Fashionable clothes: past and present

By Rev. Fr. Eva Chuma Nnamene

As it is, culture has both resilient and dynamic elements. Over the years in the cultural life of a people, there are certain aspects of their lifestyle that remain as they have been whereas other aspects change over and over. Oftentimes, styles of wearing clothes are among those aspects of culture that change over time. For instance, some decades ago in Nigeria, the style of trousers that was in vogue was "pencil" legs. "Pencil" leg trousers were tight to the body.

But after sometime, people shifted to something else by wearing trousers that had enlarged legs called "bongo". The "bongo" trousers may have taken its name from a Ghanaian musician Bongos Ikwue whose albums had pictures wearing such trousers. At the hip of the "bongo" trousers, it could be tight, but at the lower part, it enlarges.

In the past it was in vogue for women to wear flowing gowns called "maxi". Skates and blouses worn at that time were decent ones. But today, such flowing gowns are disappearing. You may find more of skinny and skimpy dresses worn by our female folks. Men have dropped the "bongo" to wear skinny trousers too. What is deemed fashionable today has to be "body fitted". Even when people make traditional clothes, they have to be "body fitted'.

By that, they mean, for your clothes to be fashionable, they have to be tight on your body. And when you walk on the road you see people wearing clothes that expose the different contours of their bodies. Some of such sights are pleasant on those who have well framed body; and some are gory sights: when you see somebody with the "orobo" body frame wearing the so called "body fitted" clothes.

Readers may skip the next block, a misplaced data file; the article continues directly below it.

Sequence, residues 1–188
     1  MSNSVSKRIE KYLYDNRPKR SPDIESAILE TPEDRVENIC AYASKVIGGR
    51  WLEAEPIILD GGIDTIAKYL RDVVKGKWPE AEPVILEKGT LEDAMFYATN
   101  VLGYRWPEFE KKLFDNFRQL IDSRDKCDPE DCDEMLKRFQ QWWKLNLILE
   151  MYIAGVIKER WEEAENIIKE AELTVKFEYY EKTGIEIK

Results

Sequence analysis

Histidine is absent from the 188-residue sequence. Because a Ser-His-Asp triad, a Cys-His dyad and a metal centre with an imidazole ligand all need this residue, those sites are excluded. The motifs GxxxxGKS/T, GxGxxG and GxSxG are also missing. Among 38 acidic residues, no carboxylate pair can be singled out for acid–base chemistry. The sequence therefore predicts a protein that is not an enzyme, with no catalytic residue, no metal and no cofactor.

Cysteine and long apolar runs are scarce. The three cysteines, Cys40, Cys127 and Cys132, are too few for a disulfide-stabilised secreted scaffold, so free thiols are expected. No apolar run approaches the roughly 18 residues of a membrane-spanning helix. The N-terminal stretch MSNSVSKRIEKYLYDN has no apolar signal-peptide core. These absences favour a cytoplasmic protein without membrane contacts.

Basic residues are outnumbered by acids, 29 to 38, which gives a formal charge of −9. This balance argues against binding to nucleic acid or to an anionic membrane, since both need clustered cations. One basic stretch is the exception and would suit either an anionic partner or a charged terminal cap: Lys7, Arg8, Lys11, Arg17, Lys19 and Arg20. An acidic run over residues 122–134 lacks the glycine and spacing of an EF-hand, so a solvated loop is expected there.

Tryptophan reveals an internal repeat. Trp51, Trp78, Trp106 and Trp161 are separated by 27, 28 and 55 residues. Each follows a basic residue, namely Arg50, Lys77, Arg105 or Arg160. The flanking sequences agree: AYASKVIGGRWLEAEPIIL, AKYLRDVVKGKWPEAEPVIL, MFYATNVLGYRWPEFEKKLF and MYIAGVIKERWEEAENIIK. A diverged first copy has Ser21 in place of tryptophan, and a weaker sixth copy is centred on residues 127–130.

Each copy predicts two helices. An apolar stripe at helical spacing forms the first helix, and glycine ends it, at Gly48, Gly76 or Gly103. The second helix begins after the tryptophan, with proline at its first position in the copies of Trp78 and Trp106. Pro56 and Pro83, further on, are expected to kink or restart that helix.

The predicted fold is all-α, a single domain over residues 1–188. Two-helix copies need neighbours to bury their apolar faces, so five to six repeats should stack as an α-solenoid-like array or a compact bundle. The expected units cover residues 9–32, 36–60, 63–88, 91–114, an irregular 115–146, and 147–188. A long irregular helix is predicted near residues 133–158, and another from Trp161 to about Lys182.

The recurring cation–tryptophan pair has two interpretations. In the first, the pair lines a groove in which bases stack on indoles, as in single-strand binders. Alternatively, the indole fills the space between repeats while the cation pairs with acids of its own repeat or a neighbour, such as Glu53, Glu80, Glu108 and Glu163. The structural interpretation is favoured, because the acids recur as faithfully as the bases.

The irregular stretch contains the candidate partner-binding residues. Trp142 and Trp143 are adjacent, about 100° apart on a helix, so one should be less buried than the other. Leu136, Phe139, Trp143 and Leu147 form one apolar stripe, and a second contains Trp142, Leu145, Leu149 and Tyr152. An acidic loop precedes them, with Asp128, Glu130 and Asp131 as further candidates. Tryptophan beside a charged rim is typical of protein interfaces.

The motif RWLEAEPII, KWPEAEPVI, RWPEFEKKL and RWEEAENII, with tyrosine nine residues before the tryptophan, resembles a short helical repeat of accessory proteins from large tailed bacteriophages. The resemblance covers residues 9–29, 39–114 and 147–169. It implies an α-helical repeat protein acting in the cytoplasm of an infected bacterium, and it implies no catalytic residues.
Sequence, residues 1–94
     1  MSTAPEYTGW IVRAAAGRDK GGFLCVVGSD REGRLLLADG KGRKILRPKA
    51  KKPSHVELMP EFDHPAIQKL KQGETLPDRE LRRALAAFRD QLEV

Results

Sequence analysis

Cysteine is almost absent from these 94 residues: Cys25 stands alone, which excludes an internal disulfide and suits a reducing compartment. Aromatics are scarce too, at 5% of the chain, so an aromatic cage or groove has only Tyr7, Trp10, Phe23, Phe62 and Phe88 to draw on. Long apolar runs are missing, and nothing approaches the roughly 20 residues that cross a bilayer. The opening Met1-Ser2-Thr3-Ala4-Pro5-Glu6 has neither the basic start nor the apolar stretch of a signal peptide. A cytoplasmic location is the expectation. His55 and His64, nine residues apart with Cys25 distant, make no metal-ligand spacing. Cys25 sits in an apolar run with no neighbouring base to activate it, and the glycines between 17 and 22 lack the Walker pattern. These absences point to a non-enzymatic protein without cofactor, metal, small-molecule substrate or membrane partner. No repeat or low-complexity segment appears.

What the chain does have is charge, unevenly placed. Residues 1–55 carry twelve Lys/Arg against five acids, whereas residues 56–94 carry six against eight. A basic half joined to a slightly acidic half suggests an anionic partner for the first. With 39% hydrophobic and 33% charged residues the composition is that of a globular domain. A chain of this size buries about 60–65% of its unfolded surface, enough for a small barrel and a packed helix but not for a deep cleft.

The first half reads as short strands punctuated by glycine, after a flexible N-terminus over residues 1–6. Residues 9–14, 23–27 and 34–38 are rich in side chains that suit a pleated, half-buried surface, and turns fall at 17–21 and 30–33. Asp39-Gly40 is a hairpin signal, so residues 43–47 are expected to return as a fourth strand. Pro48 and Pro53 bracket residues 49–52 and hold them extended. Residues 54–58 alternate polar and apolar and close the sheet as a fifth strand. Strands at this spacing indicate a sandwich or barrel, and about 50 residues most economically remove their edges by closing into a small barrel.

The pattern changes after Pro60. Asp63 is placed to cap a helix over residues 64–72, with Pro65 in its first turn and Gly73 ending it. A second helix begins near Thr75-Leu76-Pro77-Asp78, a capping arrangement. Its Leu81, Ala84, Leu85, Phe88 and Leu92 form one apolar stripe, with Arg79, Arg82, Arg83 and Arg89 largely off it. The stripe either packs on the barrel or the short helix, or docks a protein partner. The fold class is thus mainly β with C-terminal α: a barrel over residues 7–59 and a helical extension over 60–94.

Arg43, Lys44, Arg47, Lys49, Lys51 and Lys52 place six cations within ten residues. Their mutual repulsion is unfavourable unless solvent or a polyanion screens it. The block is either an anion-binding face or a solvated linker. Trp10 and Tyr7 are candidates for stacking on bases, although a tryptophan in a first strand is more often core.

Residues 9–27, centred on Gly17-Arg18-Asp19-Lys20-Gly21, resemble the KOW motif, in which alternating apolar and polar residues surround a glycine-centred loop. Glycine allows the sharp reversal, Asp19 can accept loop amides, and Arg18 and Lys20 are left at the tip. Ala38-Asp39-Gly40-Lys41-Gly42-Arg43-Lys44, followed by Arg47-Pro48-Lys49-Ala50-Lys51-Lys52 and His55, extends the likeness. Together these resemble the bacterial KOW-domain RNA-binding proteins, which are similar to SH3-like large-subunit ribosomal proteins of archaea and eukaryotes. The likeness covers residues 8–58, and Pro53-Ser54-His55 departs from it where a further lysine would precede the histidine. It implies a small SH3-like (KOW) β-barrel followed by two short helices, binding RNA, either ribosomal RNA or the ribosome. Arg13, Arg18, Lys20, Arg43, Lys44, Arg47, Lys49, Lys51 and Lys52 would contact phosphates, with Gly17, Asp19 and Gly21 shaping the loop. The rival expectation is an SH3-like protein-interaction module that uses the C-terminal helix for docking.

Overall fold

In the past it was fashionable for men to put on shirts exposing their chests especially by those who are hairy. Today, men do button up their shirts. But the fashion of "sagging" trousers and shorts are largely in vogue for men. By the fashion of "sagging" the trousers are let to expose some part of the buttocks. This style is seen among teenagers and even adults.

In the past, women had dresses that covered them up properly; and they never looked less feminine. It was also in those days that the caution "sit like a woman" had the moral import of not exposing the female body. Today, women have overgrown such caution because they have different styles of dressing that expose the cleavages of their breasts, their backs their tummies, the curves of their buttocks and their laps.

Today, to the female folks, to be fashionable and to be feminine you need to have certain parts of your body exposed. It is simple and stamped like that. If that is not the case, perhaps, you may be one of the "nwa mgbekes" or the village champions around the city. But let us think about it, does our style of dressing today cover or expose our nakedness? Perhaps, our answer to that question might be yes and no at the same time.

If by nakedness we mean being stark naked, then, our dressing today covers it. Nobody is stark naked either on the streets or in the public places. People cover up. Though the issue is how properly covered up they are. But if by nakedness we mean exposing parts of the body that are conventionally closed up as in being properly or modestly dressed, then, our dressing today exposes our nakedness.

As we mentioned last week covering up of our nakedness is the primary purpose of dressing. Adam and Eve covered themselves up when they appeared before God. Today very many people especially women want to appear before God naked. Does appearing before God with parts of our bodies exposed express innocence or evil? In next week's edition, we shall be looking at that question, and what the Scripture thinks about our dressing code today.

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